Despite a major market selloff last Friday, Rep. Jeb Hensarling said Sunday he believes the economy is still progressing with strength, with the Trump administration’s policies paving the way for continued economic growth.
“The Tax Cut and Jobs Act is working, regulatory reform is working and I think the economy will be very strong,” Hensarling, R-Texas, told Maria Bartiromo on “Sunday Morning Futures.”
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U.S. markets saw their biggest weekly losses in two years on Friday with the Dow Jones industrial average dropping nearly 666 points, its largest percentage loss in 20 months and biggest daily point decline since December 2008 during the financial crisis.
“A strong jobs report, evidence of faster wage growth, and a spike in long-term bond yields are behind this week’s sell-off,” Greg McBride, Bankrate.com’s chief financial analyst, told FOX Business. “But those are all good economic fundamentals, so while there's no telling if the market will continue to correct or not, it is a good buying opportunity.”
In its latest employment report, the Bureau of Labor Statistics (BLS) said nonfarm payrolls rose by 200,000 in January with the unemployment rate holding at 4.1%, beating analysts’ expectations of 180,000. However, stronger-than-expected wage growth data—wages grew 2.9% in January, the biggest yearly gain in more than 8.5 years, was a driving factor behind the tumble in U.S. equities markets.
Furthermore, investors worry the U.S. Federal Reserve will have to raise interest rates faster than originally expected, because of the sharp increase in wages, in-turn causing the 10-year Treasury yield to rise to 2.85%, the highest since January 2014.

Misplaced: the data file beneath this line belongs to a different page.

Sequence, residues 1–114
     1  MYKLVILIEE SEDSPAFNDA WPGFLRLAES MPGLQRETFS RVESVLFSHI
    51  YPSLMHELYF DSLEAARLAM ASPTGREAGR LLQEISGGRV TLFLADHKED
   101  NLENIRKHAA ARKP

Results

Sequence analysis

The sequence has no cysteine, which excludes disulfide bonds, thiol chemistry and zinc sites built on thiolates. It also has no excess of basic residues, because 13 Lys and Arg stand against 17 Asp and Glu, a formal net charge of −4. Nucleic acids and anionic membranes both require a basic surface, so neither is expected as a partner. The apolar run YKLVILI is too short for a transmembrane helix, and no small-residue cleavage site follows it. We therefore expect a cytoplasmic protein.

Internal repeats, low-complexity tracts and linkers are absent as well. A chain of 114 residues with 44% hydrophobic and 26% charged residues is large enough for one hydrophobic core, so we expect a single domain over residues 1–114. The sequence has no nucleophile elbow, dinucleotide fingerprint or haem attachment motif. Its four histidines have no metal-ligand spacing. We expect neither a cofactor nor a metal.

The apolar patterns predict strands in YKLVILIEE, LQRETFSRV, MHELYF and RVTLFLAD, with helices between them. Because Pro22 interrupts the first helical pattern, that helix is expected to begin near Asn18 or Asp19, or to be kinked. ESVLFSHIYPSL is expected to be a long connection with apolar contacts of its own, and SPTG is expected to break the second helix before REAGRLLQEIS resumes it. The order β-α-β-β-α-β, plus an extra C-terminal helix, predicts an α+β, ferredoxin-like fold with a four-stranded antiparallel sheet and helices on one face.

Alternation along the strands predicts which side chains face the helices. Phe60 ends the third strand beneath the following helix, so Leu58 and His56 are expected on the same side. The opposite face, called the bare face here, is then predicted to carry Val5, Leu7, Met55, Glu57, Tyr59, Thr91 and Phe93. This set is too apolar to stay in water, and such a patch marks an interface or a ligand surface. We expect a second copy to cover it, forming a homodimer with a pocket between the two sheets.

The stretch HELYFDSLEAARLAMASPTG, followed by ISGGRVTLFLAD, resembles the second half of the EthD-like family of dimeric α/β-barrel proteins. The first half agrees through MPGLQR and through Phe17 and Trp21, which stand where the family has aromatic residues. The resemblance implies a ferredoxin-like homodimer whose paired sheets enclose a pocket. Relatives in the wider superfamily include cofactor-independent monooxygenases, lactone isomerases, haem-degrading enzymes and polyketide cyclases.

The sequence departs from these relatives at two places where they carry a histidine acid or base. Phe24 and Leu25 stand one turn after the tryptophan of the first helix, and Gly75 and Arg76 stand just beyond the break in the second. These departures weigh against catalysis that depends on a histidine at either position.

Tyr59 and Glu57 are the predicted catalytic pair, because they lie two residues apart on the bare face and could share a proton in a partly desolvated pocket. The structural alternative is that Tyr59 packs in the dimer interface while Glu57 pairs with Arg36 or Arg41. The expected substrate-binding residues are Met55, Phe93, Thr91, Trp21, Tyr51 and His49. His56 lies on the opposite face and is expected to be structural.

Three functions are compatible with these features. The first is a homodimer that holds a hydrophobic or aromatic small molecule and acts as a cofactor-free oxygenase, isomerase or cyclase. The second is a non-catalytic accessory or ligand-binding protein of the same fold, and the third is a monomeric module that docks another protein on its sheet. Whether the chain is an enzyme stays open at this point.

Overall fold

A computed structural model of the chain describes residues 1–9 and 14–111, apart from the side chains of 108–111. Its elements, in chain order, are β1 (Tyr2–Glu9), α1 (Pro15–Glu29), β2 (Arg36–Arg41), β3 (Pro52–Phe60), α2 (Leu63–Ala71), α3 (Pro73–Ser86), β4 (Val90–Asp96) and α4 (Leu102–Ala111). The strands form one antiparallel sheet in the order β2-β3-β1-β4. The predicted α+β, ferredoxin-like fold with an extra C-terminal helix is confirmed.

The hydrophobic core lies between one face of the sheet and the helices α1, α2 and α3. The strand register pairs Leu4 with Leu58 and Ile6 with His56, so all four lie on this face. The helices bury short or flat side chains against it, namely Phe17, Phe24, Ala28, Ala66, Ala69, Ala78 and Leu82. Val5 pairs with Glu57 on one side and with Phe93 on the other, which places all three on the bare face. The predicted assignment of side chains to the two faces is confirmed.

Hensarling, who chairs the House Financial Services Committee and believes wages do need to rise, put the onus on the Fed, citing the U.S. central banking system’s “huge, bloated balance sheet.”
“Anytime we finally had a strong economy we were gonna have to deal with higher interest rates and the Fed was gonna have to manage a tough problem … And I believe and hope that this Fed will be up to the challenge again to unwind something that the previous Fed really put together,” he said.
Increasing bond yields also impact those looking to purchase a home, as mortgage rates typically follow the same path. Currently, the average 30-year fixed rate is 4.22%, according to the latest data from Freddie Mac, though for some lenders can be even higher.
“The run-up in bond yields is consistent with the economic data and prospects of both higher inflation and higher interest rates," McBride said. "This is pushing mortgage rates up, which will hurt buyers’ affordability but won’t dampen home buying activity for very long. After all, it’s a solid job and rising income that get people to buy houses, and they’ll do that whether mortgage rates are 4% or 4.5%.”
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